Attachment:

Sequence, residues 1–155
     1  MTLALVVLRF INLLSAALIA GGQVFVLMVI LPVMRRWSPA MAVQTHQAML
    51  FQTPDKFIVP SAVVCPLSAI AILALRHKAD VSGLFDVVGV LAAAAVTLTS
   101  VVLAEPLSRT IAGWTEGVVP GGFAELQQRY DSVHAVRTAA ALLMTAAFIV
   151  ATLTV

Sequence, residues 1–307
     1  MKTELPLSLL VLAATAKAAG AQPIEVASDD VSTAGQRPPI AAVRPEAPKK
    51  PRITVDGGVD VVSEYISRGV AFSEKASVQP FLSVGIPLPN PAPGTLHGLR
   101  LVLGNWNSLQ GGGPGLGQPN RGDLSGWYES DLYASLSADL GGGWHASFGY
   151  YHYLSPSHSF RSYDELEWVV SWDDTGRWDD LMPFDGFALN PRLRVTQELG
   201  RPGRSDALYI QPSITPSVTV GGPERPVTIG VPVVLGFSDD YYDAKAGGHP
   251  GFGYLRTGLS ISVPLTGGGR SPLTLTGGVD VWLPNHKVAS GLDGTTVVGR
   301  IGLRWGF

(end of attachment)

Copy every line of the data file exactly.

Sequence, residues 1–155
     1  MTLALVVLRF INLLSAALIA GGQVFVLMVI LPVMRRWSPA MAVQTHQAML
    51  FQTPDKFIVP SAVVCPLSAI AILALRHKAD VSGLFDVVGV LAAAAVTLTS
   101  VVLAEPLSRT IAGWTEGVVP GGFAELQQRY DSVHAVRTAA ALLMTAAFIV
   151  ATLTV

Sequence, residues 1–307
     1  MKTELPLSLL VLAATAKAAG AQPIEVASDD VSTAGQRPPI AAVRPEAPKK
    51  PRITVDGGVD VVSEYISRGV AFSEKASVQP FLSVGIPLPN PAPGTLHGLR
   101  LVLGNWNSLQ GGGPGLGQPN RGDLSGWYES DLYASLSADL GGGWHASFGY
   151  YHYLSPSHSF RSYDELEWVV SWDDTGRWDD LMPFDGFALN PRLRVTQELG
   201  RPGRSDALYI QPSITPSVTV GGPERPVTIG VPVVLGFSDD YYDAKAGGHP
   251  GFGYLRTGLS ISVPLTGGGR SPLTLTGGVD VWLPNHKVAS GLDGTTVVGR
   301  IGLRWGF